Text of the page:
Select your reason for flagging this presentation as inappropriate.

Cancel
No notes for slide

Transcript

  • 1. Human-Computer Interaction Course 2014: Lecture 2 Requirements specification Conceptual design Chapters 3, 4, 6, 8 Lora Aroyo Web & Media Group
  • 2. Human-Computer Interaction Course 2014: Lecture 2 This lecture •  Focus on specification techniques for requirements and conceptual UI design •  Next lecture: focus on the knowledge you need to make design decisions Lora Aroyo, Web & Media Group 2
  • 3. Human-Computer Interaction Course 2014: Lecture 2 Analysis of User Profile, Context, and Tasks
  • 4. Human-Computer Interaction Course 2014: Lecture 2 Types of information about requirements
  • 5. Human-Computer Interaction Course 2014: Lecture 2 Types of information about requirements
  • 6. Human-Computer Interaction Course 2014: Lecture 2 USER PROFILE
  • 7. Human-Computer Interaction Course 2014: Lecture 2 User Profile: Basic Steps 1.  Gather background information about the work being performed 2.  Collect and analyze data from contextual observations & interviews with users –  during their real work in the actual environment –  during user studies 3.  Construct & validate a model of the user & user’s current task organization Lora Aroyo, Web & Media Group 7
  • 8. Human-Computer Interaction Course 2014: Lecture 2 Identifying User Profile •  Stakeholders (categories of users) –  primary users, secondary users –  characteristics •  age, sex, culture •  physical abilities and physical disabilities •  educational background •  computer/IT experience •  motivation •  attitude, enjoyment, satisfaction Lora Aroyo, Web & Media Group 8
  • 9. Human-Computer Interaction Course 2014: Lecture 2 Identifying User Profile •  If you know who the real users are Ø  questionnaire •  If you are unsure about who the real users are Ø  interview knowledgeable people in the organization, e.g. domain experts, managers, work supervisors, personnel managers, and product development managers - to find out about the users The result should be captured along the lines of the following examples Lora Aroyo, Web & Media Group 9
  • 10. Human-Computer Interaction Course 2014: Lecture 2 Step 1: Example of Initial User Profile User Characteristics Museum Professional Age 22 to 54 years Occupation Role 6 curators 5 registrars 5 researchers Organization 10 from musea 6 from ICN Tasks Information search Field of expertise 7 Ethnography 7 Classical Dutch Art 2 Contemporary Art Lora Aroyo, Web & Media Group 10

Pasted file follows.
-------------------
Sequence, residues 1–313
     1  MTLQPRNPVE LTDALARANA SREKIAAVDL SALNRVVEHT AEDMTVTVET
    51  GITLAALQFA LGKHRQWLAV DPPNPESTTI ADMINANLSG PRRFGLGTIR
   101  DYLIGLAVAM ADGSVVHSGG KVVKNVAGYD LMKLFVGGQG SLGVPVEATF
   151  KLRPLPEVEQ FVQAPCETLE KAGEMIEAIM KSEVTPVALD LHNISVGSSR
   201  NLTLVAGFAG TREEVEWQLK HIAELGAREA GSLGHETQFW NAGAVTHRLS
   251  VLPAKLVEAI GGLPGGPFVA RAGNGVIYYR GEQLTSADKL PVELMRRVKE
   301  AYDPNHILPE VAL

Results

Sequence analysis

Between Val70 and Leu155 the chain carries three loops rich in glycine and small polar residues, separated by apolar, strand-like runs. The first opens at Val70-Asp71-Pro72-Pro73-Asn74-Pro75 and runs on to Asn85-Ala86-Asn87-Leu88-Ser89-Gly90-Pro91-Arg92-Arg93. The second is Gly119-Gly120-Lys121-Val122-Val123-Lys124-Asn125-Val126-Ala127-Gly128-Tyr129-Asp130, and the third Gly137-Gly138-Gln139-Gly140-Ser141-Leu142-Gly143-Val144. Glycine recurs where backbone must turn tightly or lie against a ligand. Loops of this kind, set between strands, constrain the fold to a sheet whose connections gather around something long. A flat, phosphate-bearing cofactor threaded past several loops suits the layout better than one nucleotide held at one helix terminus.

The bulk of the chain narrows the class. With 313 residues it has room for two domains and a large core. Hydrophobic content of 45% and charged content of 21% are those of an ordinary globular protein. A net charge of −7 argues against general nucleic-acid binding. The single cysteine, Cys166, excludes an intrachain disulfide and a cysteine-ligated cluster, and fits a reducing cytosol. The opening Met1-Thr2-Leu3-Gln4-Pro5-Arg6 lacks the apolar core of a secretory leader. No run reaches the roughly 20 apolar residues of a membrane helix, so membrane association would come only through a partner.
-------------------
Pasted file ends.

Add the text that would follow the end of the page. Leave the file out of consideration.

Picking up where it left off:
• 11. Human-Computer Interaction Course 2014: Lecture 2 Step 2: Example of Detailed User Profile User Characteristics Museum Professional Researchers Curators Registrars Age 22-45 30-45 35-54 Field of expertise Ethnography Contemporary Art Ethnography, Contemporary Art, Classical Dutch Art Ethnography Contemporary Art Information tasks a wide range of tasks develop guidelines, recommendations, articles and books, teach and give lectures collection management and collection documentation management (e.g. arranging loans, acquiring objects and planning for exhibitions) handle the digitization process of collections in the museum database; annotating collections; handle new entries and check if information is correct; Attitude actively looking for information and spreading knowledge into the cultural heritage community search for interesting perspectives, links and unexplored aspects of artworks and creators work with curators; prepare reports on the museum collection status Motivation improve the understanding and expertise within the cultural heritage domain make texts accessible to the general audience maintain collection, keep consistent and up-to-date Lora Aroyo, Web & Media Group 11
  • 12. Human-Computer Interaction Course 2014: Lecture 2 Step 3: Example of Mapping User Profile à Requirements User Characteristics Search UI Requirements Age range 20-55+ The main UI needs to accommodate users of different ages (e.g. accessibility and levels of computer proficiency) May be of different field of expertise There need to be explanations and examples of different types of search input and results (e.g. basic search, /facet search, relational search) May have different level of knowledge in different collections There need to be an explicit presentation of the elements of different collections, also duplicates from different collections. May have different attitude towards information There need to be different (customizable) presentation of search results. There need to be clear explanation of the ranking and ordering mechanisms May have different understanding of terminology and thesauri There need to be term explanations (definitions). There need to be explanation of different search categories